True Stories Told with Novelistic Grace

It's been little more than a decade since Leslie Jamison's work began to attract attention, but in that time, she's established her preeminence in the field of creative nonfiction, as exemplified by these three books. 

recoveingThe epigraph to Jamison's debut collection, The Empathy Exams: Essays (Graywolf Press, $16), quotes the Roman playwright Terence: "I am human: nothing human is alien to me." The 11 essays that compose this collection provide formidable evidence that this is a touchstone of Jamison's work. The title essay juxtaposes an account of her work as a medical actor with the story of the abortion she underwent at age 25. From there, she addresses subjects that include the disorder Morgellons disease and the murder of three boys in a small Arkansas town in the 1990s, all leading her to the conclusion that "paying attention yields as much as it taxes."

The Recovering: Intoxication and Its Aftermath (Back Bay Books, $18.99) is a searing work of memoir and reportage. In it, Jamison surveys the wreckage of her own addiction, vividly describing her stumbles on the winding road to recovery. In tandem with this story, she investigates the relationship between substance abuse and creativity, probing the lives of writers like John Berryman and Jean Rhys to help answer a question that has shadowed her own artistic life.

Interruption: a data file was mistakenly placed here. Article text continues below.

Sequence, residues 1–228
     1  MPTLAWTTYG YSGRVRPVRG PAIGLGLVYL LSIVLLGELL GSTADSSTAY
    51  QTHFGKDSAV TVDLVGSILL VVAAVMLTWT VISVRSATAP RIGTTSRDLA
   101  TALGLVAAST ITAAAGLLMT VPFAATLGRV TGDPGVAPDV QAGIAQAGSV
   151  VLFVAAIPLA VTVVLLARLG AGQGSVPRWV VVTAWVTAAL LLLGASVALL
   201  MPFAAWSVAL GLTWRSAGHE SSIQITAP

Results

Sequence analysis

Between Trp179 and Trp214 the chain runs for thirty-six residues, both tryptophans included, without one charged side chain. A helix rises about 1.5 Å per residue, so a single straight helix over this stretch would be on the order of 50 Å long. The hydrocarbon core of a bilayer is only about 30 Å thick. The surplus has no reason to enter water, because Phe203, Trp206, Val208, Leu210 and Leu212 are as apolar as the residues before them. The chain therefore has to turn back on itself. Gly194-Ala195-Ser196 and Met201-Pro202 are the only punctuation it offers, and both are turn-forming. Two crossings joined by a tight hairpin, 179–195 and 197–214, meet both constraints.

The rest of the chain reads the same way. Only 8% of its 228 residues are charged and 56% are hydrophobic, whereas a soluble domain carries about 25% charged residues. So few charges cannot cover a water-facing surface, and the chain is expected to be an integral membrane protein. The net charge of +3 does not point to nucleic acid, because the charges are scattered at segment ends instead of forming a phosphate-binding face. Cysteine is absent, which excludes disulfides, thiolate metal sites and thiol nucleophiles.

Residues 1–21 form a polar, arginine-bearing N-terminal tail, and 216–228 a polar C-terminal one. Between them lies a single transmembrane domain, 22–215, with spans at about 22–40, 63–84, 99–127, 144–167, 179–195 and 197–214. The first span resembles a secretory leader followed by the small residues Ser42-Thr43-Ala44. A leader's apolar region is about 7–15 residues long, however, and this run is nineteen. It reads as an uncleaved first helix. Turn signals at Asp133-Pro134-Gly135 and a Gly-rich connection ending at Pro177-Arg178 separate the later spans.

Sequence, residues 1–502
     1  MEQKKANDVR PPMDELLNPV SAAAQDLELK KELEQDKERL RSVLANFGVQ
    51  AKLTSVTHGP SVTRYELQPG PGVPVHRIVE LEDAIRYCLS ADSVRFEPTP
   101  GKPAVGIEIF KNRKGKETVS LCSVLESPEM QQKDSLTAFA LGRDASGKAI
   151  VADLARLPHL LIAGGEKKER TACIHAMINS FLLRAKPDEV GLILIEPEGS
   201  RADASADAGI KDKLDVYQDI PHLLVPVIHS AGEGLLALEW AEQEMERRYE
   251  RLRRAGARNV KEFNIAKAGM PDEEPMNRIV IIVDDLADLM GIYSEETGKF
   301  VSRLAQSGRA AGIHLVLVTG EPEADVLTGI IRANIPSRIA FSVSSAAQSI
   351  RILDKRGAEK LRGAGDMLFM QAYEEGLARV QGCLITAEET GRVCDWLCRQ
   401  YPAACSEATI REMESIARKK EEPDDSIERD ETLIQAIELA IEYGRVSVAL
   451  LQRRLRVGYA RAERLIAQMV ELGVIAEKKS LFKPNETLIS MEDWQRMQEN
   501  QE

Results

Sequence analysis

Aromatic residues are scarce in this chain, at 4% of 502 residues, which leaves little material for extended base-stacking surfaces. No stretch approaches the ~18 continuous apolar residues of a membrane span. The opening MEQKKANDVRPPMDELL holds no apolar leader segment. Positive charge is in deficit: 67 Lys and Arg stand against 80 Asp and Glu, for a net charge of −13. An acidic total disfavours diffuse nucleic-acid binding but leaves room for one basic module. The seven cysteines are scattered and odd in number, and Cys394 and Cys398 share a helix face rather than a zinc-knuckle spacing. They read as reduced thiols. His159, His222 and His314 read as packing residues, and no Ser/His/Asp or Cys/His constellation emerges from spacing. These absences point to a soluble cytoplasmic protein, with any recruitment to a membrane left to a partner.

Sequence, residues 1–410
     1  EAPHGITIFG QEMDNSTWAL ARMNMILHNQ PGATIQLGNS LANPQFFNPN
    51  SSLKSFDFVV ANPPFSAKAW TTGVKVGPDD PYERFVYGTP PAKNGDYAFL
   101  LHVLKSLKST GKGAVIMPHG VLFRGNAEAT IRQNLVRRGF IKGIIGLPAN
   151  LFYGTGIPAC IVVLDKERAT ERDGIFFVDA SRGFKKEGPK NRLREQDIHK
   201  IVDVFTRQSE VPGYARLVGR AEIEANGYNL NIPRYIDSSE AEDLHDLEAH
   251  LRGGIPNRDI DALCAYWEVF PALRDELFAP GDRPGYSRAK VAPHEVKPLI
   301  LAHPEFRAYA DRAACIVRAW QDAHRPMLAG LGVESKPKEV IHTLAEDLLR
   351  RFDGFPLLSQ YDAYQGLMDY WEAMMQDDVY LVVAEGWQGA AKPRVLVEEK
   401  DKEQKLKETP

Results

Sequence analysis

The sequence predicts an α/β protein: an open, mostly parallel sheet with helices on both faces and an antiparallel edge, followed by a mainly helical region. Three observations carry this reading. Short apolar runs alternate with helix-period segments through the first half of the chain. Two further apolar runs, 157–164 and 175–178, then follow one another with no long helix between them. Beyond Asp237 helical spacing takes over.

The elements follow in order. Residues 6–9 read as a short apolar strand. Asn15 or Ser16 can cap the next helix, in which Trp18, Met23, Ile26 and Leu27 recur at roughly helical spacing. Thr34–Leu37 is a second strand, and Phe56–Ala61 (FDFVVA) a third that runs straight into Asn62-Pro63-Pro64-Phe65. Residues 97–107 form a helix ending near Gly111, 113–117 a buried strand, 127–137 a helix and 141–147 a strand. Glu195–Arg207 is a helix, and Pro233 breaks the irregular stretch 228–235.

In Make It Scream, Make It Burn: Essays (Back Bay Books, $17.99), Jamison returns to the form in which she excels. This collection is less thematically unified than its predecessor, but no less fascinating. Once again, she moves effortlessly between memoir, criticism and journalism, and there seems to be no limit to the breadth of her curiosity when it comes to subjects like the Museum of Broken Relationships in Croatia or James Agee's Let Us Now Praise Famous Men. --Harvey Freedenberg, freelance reviewer